Interdependent Web: Do just a little more, holding vigil for the planet, resource of our faith

Interdependent Web: Do just a little more, holding vigil for the planet, resource of our faith

A weekly roundup of blogs and other user-generated web content about Unitarian Universalism.


Do just a little more

A few weeks ago, an eight-year-old biracial child was nearly lynched by teenaged neighbors in Claremont, New Hampshire; Kim Hampton has two tasks for UUs, particularly those in New England.

UUs in northern New England (upper Massachusetts, New Hampshire, Vermont, and Maine) should give money to the GoFundMe account that has been set up to help this child and their family. Give. Give generously. (UUs from other areas can give too, but this is in northern New England’s backyard). . . .

Every UU congregation within 50 miles of Claremont should get together and have a rally and a White Supremacy Teach-In for the broader community. It does not have to be in Claremont, but it should be close. (East of Midnight, September 14)

The Rev. Krista Taves thinks about all the ways she does not have to worry about her white brothers—and how different it is for sisters without white privilege.

I am so grateful that I do not have to worry about my white brothers. But I know why that is the case. I know that my confidence is a privilege that is denied to others. My prayer is that every sister can someday have the assurance and confidence that their brothers will be alright, that their brothers will come home, that their brothers will have long rich lives filled with joy, dignity, meaning, and purpose. (And the stones shall cry, September 11)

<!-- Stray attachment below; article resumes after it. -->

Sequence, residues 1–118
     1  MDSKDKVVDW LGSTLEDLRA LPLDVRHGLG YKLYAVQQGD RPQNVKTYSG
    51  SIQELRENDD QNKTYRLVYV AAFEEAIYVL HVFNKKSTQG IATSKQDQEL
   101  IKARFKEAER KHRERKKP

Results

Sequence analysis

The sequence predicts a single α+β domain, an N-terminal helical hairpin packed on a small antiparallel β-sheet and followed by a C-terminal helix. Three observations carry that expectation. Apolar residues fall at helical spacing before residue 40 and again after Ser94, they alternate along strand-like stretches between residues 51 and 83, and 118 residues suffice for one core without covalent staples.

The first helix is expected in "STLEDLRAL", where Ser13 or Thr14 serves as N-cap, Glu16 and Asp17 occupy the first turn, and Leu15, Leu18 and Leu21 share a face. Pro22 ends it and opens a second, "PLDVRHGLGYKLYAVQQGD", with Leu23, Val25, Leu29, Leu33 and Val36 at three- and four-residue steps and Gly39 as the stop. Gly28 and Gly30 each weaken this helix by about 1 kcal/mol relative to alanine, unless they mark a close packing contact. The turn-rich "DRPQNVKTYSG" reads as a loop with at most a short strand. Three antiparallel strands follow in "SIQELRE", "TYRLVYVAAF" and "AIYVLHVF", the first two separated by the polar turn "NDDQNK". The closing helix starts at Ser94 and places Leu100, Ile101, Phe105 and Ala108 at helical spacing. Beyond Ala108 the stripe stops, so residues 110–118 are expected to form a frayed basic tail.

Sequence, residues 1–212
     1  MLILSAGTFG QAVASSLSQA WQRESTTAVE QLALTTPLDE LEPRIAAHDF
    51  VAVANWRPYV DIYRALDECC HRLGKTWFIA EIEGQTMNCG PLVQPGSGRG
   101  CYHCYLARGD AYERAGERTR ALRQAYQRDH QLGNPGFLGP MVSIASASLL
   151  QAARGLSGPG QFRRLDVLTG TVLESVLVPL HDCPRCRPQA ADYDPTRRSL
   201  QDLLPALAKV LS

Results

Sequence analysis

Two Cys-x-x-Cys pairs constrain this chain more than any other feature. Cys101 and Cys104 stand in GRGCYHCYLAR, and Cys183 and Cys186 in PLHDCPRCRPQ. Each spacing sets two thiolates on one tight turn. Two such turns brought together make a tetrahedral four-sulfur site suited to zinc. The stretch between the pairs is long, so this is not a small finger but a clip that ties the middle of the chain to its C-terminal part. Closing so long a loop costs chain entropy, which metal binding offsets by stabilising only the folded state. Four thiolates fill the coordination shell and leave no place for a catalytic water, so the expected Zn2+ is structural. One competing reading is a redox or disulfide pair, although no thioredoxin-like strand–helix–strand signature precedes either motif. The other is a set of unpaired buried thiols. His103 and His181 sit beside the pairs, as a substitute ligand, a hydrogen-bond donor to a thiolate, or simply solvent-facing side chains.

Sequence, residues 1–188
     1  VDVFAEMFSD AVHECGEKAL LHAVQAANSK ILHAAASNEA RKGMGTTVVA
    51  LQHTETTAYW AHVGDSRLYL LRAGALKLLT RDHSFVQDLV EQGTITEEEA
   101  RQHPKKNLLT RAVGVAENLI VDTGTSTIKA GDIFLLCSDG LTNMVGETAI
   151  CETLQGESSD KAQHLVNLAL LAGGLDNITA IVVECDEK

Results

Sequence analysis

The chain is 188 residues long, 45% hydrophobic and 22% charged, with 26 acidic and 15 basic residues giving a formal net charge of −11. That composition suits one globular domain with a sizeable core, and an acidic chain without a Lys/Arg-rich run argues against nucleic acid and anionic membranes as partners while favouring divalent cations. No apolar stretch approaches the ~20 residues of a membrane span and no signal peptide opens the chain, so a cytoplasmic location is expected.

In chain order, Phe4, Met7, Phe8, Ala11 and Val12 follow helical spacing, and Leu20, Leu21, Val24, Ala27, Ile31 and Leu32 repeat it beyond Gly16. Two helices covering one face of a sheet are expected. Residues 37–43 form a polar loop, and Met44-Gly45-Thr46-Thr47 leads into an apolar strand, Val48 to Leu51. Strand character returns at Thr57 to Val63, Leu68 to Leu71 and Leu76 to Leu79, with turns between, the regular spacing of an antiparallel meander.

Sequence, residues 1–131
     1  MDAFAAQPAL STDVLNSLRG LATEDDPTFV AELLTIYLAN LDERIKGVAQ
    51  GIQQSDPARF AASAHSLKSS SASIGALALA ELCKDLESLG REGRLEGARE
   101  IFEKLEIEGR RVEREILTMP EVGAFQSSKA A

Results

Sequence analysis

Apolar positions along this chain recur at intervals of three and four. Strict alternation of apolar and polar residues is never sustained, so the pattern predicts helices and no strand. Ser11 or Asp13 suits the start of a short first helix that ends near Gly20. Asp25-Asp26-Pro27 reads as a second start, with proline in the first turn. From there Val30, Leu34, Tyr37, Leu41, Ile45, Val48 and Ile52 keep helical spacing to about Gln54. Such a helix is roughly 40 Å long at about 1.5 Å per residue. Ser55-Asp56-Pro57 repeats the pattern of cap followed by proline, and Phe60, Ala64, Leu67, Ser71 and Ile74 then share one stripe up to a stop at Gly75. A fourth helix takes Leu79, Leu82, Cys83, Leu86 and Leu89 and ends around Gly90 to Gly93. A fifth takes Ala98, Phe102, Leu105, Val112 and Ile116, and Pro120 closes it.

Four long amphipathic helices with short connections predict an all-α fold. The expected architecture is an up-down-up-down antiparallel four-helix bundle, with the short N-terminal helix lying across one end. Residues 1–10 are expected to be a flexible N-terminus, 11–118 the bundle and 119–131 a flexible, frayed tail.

Annette Marquis provides a series of questions for novice protesters< to consider.

The key is to believe in what you’re doing, engage in whatever level of risk you can reasonably handle, and push yourself to do just a little more each time. As you become a more experienced protester, you will find more ways to challenge the things you want to change, and one day, you might even find yourself organizing a protest of your own. (Marquistory, September 11)

Holding vigil for the planet

The Rev. Dr. Victoria Weinstein feels like we are holding vigil in a hospital waiting room—for the country, and for the planet.

Someone is struggling and maybe dying, but most certainly never going to be the same after the crisis, and the rest of us are holding vigil. I feel the urge to hurry through my tasks so I can get back to the hospital where I don't do a thing but help the family talk about their fear or process the news from the doctors, or maybe just wait in silence with them. The hospital is Houston. It’s Bangladesh. It’s Miami, and the Florida Keys, and Mexico. It’s Nepal and Mayanmar. It’s wherever Dreamers live and cry themselves to sleep wondering if they have a future.

We sit with our cardboard coffee cups and absorb the shock, and plan, and wait for word from the experts. (Facebook, September 8)

The Rev. Keren Hering also writes about how it feels, when all around us the world is drowning, and burning, and shaking.

Where to go? Where
to run? How to survive our own
careless combustion?

People say it’s the end times
long foretold, now